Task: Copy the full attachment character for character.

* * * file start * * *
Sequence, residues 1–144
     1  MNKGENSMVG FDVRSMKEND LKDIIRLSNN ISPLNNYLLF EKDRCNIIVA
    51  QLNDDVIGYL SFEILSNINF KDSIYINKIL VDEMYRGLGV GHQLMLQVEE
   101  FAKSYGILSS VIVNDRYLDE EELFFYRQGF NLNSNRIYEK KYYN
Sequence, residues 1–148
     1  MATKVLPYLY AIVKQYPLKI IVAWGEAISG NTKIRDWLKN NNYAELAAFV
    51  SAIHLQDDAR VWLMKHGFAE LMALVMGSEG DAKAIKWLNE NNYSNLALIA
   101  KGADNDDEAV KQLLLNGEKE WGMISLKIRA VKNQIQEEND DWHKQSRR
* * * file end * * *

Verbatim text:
Sequence, residues 1–144
     1  MNKGENSMVG FDVRSMKEND LKDIIRLSNN ISPLNNYLLF EKDRCNIIVA
    51  QLNDDVIGYL SFEILSNINF KDSIYINKIL VDEMYRGLGV GHQLMLQVEE
   101  FAKSYGILSS VIVNDRYLDE EELFFYRQGF NLNSNRIYEK KYYN
Sequence, residues 1–148
     1  MATKVLPYLY AIVKQYPLKI IVAWGEAISG NTKIRDWLKN NNYAELAAFV
    51  SAIHLQDDAR VWLMKHGFAE LMALVMGSEG DAKAIKWLNE NNYSNLALIA
   101  KGADNDDEAV KQLLLNGEKE WGMISLKIRA VKNQIQEEND DWHKQSRR